*Looking to see what I could find about a Saranac Lake sanitarium I found a fascinating story about a small upstate N. Y. town that welcomed tuberculosis patients for palliative therapy in the early 20th century. Other literary residents after Crapsey included novelists Allan Seager and Walter Percy. On first reading “sanitarium” I had visualized a large dreary hospital building, but the setting appears to be surprisingly humane. Coincidentally, the remaining buildings were sold a few weeks ago.

Two Cinquains from Adelaide Crapsey

Let’s imagine that it’s 1914, and on both sides of the Atlantic curious short poems with precisely chosen and concrete imagery are appearing here and there. This is Imagism, the premier movement of Modernism in English. Long-time readers here will know* that these small and unpresupposing poems came from several sources: the away-with-19th-century-Romanticism ideas of T. E. Hulme, the promotional verve of Ezra Pound who also set out classical East Asian poetry as an ideal, things apprehended from French poetry by the slum-born F. S. Flint, and the fresh eyes and forms of Americans Emily Dickinson and Walt Whitman.

This new poetry was quite unlike the Tennysons and Longfellows that preceded it, but also it is by and large not Modernist poetry as we’ve come to know it later in that century or in our current one. It seems altogether simpler, pared down. It partakes of poetry’s timeless lyric impulse: the thought that a poem need not be long to be complex if it keeps itself true to the goal that the poem isn’t about ideas but the instantaneous experience of ideas. Nor is it a marathon course of those feelings and experiences, rendered on kaleidoscopic canvases.

To some this new kind of poetry is cheating. Where are the grand themes? If the poem doesn’t develop itself like an essay or history where is the effort or the worth of the effort? The poems often don’t seem to use heightened poetic language, and they may at first seem to have no metaphors—rather, the poem is the metaphor.  That these poems often eschewed rhyme or conventional meter added to the “anybody can do this” sense many had.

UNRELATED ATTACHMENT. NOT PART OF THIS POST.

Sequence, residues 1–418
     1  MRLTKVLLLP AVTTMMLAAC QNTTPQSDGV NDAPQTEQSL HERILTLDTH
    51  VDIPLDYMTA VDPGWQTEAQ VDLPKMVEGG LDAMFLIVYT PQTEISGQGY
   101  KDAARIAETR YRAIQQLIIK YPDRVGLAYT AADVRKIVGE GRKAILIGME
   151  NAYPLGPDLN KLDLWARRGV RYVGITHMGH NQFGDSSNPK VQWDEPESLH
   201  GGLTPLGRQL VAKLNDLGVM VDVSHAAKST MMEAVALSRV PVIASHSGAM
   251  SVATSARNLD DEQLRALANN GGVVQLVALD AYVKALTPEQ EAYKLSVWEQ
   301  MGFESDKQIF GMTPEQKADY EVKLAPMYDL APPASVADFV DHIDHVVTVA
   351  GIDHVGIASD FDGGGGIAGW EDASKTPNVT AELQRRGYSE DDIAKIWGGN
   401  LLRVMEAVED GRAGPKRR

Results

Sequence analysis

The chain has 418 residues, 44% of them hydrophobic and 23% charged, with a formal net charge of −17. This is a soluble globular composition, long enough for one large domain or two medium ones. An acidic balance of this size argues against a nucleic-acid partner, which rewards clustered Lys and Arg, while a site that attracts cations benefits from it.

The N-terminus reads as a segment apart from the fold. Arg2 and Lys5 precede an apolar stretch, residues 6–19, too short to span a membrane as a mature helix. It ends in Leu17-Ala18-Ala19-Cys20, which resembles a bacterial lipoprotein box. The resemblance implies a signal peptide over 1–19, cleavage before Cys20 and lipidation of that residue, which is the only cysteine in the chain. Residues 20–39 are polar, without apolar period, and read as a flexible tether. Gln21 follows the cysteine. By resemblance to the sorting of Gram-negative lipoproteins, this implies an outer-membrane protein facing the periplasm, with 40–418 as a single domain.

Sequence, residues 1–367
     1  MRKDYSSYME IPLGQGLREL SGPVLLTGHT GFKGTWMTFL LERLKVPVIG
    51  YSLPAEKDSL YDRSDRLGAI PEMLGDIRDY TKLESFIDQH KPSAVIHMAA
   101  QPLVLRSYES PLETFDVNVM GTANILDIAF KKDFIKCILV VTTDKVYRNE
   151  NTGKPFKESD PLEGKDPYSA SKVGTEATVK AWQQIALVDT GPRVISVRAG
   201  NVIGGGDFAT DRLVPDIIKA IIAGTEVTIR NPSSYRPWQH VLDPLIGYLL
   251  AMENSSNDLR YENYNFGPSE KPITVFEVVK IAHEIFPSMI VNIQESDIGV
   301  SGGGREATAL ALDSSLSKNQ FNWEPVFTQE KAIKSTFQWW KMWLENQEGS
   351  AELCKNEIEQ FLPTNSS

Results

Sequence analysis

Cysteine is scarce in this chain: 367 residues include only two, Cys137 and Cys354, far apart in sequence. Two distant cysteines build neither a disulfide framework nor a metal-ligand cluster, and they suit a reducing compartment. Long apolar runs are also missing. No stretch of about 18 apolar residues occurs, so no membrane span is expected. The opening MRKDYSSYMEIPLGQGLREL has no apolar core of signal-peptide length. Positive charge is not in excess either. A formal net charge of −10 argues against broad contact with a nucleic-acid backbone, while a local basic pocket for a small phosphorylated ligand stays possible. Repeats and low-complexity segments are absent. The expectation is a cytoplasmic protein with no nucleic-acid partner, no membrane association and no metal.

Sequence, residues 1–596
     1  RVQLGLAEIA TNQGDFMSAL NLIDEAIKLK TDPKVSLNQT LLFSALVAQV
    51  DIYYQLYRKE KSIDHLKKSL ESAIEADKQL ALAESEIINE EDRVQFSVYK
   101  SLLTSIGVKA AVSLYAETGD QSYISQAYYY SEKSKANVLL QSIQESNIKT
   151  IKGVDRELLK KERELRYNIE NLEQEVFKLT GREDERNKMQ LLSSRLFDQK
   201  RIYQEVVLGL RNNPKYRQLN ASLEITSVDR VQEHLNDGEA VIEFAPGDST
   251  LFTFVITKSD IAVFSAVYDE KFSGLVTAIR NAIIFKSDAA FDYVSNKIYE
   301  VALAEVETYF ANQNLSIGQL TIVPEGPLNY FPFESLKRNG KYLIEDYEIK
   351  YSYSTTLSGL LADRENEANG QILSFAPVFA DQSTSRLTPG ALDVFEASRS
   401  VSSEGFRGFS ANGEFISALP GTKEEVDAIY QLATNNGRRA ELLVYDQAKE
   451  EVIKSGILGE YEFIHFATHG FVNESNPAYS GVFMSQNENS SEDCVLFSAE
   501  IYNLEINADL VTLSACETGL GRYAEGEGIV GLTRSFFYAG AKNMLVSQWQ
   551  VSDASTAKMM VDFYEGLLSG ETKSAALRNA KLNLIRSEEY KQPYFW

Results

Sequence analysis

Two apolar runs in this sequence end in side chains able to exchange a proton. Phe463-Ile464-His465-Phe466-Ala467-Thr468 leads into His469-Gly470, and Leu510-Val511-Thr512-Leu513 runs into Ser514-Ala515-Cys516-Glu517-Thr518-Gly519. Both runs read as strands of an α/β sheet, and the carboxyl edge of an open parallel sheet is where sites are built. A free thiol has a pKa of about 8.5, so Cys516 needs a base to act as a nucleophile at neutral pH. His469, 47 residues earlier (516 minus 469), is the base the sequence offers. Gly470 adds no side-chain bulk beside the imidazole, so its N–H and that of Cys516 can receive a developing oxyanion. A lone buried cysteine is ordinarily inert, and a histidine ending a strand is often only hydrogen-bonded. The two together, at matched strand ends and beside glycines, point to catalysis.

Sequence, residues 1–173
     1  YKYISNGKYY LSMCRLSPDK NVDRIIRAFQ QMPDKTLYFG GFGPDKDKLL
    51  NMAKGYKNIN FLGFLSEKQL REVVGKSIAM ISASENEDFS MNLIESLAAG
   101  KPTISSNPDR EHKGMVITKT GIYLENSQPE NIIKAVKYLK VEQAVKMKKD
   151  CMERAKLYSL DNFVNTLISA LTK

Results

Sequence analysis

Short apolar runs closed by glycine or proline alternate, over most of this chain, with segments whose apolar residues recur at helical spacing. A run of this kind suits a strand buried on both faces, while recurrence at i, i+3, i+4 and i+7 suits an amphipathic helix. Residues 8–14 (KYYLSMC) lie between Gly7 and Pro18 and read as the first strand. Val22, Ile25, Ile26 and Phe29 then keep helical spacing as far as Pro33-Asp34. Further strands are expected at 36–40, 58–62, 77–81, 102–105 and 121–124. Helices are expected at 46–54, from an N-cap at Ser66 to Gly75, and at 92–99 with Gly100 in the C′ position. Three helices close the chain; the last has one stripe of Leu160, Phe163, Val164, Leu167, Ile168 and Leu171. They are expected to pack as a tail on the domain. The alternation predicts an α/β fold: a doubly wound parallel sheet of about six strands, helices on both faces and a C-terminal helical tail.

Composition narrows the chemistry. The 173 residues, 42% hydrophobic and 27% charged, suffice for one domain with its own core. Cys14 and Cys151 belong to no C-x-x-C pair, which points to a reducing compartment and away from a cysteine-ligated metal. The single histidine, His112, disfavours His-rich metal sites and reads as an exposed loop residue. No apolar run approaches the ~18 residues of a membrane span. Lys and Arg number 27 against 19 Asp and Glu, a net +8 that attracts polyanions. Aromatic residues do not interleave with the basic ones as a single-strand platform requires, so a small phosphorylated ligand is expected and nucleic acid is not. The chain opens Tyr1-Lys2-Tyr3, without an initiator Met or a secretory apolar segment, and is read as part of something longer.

As I imply above, this is not the Modernism that eventually emerged triumphant. Yes, a Red Wheelbarrow” and A Station of the Metro  will be constantly anthologized, but Williams and Pound will become known for their longer more esoteric poems. Even if some WWI poets could use these compressed poetic methods to express horror while the fighting was going on, the post-war world wanted it all expanded on, and the thought that expansive sur-rationality was the appropriate response to world-wide mechanized violence came to the forefront. Art needed to be as big or bigger than the things it was opposed to.

Adelaide_Crapsey

“Reading” pictures is risky, but this photo of Crapsey just seems to say determination.

 

All this ferment brings us to Adelaide Crapsey, a woman who has been forgotten in all the fuss. First, look at that name. It sounds like a character in a satiric novel. It’s so pre-20th century that you can’t imagine Modernist verse having it attached to it (perhaps Hilda Doolittle was savvy in immediately accepting Pound’s rebranding of her as H. D.). Also, if there was such a thing as Middle School in her youth, can you imagine the trauma of carrying her family name?

In The Year Imagism Broke, 1914, Crapsey was not only writing Modernist verse in the initial Imagist sense, she had made a study of English prosody and had created her own form to put her concise poems into: the cinquain. Just as many of the short Imagist poems owed some of their tactics to classical East Asian poems, the cinquain sought to create an English language equivalent to the understanding of forms like the haiku.

Just as with Amy Lowell from earlier this month, I think it may be worthwhile to not let these two poems of Crapsey’s that I use today wash over you quickly, as if they are essays or narrative personal memoir in verse. Each word was chosen carefully, precisely, to evoke a moment you might choose to share inside of her experience.